WiFi has been around for several years now, and it is currently an established and accepted technology. Some WiFi spots allow users to access the Internet for free on public places, such as airports, libraries, hotels and pubs, which is great. There are several websites that provide a list of free WiFi spots, such as wififreespot.com, wi-fihotspotlist.com and hotspot-locations.com.
It's also on the news that WiFi while travelling by plane will be available pretty soon. People is getting used to having WiFi connectivity at their convenience everywhere.
However, the average Joe may not be aware of the security issues surrounding this technology: there are WiFi exploits available through Metasploit; several Security Incident Response Teams, such as FrSIRT, have released advisories reporting vulnerabilities; and every now and then, a survey shows how WiFi users do not control access to their network. Meanwhile, wardriving (and even warflying) is a fairly common practice.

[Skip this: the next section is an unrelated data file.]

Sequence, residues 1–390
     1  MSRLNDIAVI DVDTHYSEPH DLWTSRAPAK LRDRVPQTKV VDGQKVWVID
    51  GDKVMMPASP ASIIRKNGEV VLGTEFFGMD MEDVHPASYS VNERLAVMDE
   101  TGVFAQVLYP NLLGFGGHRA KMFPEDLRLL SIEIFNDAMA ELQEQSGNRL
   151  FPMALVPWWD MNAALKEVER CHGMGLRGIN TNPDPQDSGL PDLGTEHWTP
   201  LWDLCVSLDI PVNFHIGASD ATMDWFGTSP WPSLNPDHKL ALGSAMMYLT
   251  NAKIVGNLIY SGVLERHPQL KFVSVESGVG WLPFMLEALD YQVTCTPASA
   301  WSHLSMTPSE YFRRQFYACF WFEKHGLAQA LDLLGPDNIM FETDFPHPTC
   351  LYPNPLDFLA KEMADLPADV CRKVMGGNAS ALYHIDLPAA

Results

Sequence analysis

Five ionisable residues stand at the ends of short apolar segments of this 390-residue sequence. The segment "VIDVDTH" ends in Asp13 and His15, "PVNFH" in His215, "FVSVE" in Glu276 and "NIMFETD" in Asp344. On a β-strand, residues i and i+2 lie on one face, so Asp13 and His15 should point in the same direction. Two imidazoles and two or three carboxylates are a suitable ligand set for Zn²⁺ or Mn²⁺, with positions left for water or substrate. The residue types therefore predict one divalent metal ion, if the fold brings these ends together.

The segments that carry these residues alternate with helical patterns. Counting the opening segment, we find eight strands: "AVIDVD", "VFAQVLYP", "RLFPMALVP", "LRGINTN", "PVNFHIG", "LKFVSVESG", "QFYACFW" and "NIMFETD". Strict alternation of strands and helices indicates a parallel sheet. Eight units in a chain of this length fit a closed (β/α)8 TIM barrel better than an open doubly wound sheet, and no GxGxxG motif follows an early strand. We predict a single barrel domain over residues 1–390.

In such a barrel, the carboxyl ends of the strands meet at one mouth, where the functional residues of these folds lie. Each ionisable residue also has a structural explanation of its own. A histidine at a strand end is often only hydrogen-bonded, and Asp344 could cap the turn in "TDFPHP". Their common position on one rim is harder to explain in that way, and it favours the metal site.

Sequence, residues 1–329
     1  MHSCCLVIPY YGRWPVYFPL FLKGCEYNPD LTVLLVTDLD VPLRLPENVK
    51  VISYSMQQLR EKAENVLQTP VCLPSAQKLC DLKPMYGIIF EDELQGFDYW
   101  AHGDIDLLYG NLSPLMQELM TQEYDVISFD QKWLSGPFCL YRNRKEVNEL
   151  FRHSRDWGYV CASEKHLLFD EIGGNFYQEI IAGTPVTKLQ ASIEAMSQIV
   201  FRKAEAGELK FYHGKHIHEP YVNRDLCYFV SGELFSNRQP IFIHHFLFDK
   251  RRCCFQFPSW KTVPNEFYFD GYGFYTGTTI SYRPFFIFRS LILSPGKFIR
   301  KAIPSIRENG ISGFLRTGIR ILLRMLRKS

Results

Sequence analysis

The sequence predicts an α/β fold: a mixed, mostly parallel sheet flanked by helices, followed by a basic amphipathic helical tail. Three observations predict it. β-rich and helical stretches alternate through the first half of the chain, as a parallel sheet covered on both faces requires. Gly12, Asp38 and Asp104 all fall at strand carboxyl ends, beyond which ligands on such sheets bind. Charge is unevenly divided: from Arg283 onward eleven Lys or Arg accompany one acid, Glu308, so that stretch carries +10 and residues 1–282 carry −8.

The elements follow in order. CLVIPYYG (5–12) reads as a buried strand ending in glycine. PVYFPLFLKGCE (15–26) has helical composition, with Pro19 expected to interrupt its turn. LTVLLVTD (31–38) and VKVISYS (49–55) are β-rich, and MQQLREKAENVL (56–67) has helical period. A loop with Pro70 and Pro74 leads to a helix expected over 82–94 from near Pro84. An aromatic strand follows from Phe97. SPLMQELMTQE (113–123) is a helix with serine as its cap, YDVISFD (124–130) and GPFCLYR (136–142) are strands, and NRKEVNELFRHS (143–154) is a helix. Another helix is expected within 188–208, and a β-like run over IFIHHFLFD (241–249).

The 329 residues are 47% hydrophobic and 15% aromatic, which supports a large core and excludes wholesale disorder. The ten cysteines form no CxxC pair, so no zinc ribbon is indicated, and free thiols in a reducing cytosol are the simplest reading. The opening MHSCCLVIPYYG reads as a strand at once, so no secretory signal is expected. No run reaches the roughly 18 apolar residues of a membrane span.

So, it seems it's time to wake up and smell the coffee: you should secure your WiFi network or connection.
Some months ago, PandaLabs released a document on this matter. It discusses the technical characteristics of WiFi on a security level, the most widely used standards, the attacks they must head off and the measures available to users to secure this type of network.
You can download it from the White Papers section. Take the time to browse that section, we think it is worth your while.